Next, students were divided into groups, one group for each color, and were asked to run an obstacle course in the gymnasium. At the end of each obstacle, an intern or teacher asked each student to name a fruit or vegetable in a certain color group. This allowed the students to become more familiar with the fruits and vegetables in the rainbow, while being physically active.

The West Boylston Public School Wellness Policy calls on educators to “provide more opportunities for students to engage in physical activity,” as well as to “support and promote proper dietary habits contributing to students’ health status and academic performance.” Incorporating nutrition into physical education classes can help reinforce nutrition concepts, while achieving the wellness policy goals.

Visit the JSI Resource Center for information on ways to integrate nutrition education into PE. For more resources on wellness policies and ways to incorporate nutrition education at your school, visit JSI’s School Wellness Initiative and Policies page and the Wellness Solution for Massachusetts website.

~ blog provided by Kirtan Singh, FSU Food and Nutrition Graduate Student

Millbury Elementary Students Get Cooking with Whole Grains!

The Millbury Public Schools Wellness Policy states “Students will have the opportunity to practice behaviors that enhance health and/or reduce health risks”. One of the best ways to get students practicing healthy behaviors, including healthy eating, is by getting them in the kitchen.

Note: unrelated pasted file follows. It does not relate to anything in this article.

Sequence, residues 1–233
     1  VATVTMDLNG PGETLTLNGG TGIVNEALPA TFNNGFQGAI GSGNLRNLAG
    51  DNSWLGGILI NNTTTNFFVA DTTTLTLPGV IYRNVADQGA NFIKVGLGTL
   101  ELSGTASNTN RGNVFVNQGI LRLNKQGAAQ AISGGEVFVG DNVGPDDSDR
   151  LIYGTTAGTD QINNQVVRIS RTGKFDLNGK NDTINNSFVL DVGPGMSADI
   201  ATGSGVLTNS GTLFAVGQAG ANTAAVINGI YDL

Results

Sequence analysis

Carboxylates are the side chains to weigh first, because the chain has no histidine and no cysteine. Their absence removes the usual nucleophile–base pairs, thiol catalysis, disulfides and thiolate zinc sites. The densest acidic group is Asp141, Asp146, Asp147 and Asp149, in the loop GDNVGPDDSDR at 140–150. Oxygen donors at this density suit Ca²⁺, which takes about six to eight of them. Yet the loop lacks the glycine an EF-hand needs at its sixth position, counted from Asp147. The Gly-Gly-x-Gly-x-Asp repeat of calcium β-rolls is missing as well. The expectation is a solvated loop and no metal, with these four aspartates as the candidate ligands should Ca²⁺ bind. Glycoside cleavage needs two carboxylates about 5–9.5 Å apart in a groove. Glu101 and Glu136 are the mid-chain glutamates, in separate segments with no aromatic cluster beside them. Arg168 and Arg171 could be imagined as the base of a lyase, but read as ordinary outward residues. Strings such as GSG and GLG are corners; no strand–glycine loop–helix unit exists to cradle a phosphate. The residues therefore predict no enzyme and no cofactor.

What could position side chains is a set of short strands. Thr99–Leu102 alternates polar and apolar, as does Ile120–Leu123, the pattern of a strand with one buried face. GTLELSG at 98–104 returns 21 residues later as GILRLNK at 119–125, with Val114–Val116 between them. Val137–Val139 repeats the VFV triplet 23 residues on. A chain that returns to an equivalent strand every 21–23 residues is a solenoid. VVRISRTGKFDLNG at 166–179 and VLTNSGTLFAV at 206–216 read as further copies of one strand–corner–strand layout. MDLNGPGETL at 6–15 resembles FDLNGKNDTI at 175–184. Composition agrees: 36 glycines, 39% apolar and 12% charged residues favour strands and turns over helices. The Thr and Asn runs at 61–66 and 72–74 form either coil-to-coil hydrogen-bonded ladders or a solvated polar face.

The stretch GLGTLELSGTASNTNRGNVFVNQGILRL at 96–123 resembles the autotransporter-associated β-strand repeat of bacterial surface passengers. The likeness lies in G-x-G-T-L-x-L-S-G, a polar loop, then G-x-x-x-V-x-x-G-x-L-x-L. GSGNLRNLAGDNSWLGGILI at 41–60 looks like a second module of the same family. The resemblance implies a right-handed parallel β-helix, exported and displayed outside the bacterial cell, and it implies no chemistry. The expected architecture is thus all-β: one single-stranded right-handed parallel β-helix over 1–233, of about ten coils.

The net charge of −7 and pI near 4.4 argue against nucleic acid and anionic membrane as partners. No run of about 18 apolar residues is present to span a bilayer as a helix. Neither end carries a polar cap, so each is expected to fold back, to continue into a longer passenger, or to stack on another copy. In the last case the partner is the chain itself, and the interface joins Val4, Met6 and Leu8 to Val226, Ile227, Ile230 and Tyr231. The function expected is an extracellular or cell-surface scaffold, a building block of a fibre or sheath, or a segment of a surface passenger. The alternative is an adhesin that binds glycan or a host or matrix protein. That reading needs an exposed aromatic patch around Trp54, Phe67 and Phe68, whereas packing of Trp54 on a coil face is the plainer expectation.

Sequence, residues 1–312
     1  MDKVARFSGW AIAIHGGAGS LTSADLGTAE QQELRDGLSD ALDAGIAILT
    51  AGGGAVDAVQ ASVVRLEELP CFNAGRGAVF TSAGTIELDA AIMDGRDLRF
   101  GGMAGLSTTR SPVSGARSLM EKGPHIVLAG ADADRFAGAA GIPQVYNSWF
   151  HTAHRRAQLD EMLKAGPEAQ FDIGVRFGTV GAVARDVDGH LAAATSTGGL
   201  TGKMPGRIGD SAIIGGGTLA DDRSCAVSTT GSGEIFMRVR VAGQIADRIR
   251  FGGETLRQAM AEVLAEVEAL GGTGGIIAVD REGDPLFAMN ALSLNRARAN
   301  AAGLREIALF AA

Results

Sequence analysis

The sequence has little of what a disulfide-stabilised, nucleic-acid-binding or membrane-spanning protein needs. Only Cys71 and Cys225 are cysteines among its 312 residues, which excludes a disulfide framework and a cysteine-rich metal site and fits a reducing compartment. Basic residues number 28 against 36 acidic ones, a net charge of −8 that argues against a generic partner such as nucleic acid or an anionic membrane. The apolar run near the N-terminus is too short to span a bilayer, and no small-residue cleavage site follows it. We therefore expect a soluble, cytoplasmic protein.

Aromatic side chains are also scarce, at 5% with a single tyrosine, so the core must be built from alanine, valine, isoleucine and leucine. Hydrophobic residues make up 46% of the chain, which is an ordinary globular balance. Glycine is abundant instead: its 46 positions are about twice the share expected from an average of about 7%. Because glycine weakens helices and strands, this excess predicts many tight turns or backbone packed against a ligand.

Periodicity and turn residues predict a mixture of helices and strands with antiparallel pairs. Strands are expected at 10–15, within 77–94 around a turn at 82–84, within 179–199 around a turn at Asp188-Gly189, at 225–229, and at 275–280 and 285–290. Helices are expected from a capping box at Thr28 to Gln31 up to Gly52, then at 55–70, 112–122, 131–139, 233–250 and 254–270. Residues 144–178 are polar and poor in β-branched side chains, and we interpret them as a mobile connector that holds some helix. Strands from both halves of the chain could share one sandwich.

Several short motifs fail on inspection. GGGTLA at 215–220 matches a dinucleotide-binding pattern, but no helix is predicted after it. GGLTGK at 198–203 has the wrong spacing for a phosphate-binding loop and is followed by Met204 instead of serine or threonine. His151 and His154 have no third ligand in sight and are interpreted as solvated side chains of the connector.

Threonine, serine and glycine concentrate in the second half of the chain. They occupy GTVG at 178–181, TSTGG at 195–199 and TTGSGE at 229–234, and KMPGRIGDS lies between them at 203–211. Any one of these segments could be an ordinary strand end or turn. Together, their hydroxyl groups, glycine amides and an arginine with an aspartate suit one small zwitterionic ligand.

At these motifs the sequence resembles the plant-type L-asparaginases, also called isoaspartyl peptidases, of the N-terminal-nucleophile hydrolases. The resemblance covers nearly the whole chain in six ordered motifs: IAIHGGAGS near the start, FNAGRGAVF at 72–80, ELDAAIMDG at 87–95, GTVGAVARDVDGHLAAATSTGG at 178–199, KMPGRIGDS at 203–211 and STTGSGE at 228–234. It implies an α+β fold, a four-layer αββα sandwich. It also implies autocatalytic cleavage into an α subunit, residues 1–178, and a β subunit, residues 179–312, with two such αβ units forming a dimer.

On March 7th, fourth and fifth grade students participated in an interactive nutrition education lesson titled “Choosing and Using Whole Grains during an after school program taught by FSU Food and Nutrition intern, Amanda Meisner. Students first learned the differences between whole grains and refined grains by exploring the different parts of the grain and the nutrients they contain.


Supplies for the mixing team to prepare the Apple-Raisin Quinoa Salad recipe.

Next, it was time to cook! The class was divided into three teams—measuring, chopping and mixing. Each team was assigned a different part of the Apple-Raisin Quinoa Salad, adapted from this recipe. Students worked in their teams to gather the spinach, chop the apples using safe knife skills, and measure ingredients for the dressing. In less than 20 minutes, the recipe was assembled and ready for taste-testing.


Students in Millbury, MA learned about whole grains through cooking.

All 13 students were willing to try the recipe. The students were excited to learn new skills, try new foods, and were eager to bring the recipe home to their families!

Unsure of how to get started cooking with whole grains in your school? Check out the John C. Stalker Institute’s Back to Basics: Whole Grains workshop resources. Also visit the Recipes and Menus page at the JSI Resource Center for ideas.

For more tools and ideas for working with your school’s wellness policy, visit the School Wellness Initiative and Policies page at the JSI Resource Center and the Wellness Solution for Massachusetts website.

~ blog provided by Amanda Meisner, FSU Food and Nutrition student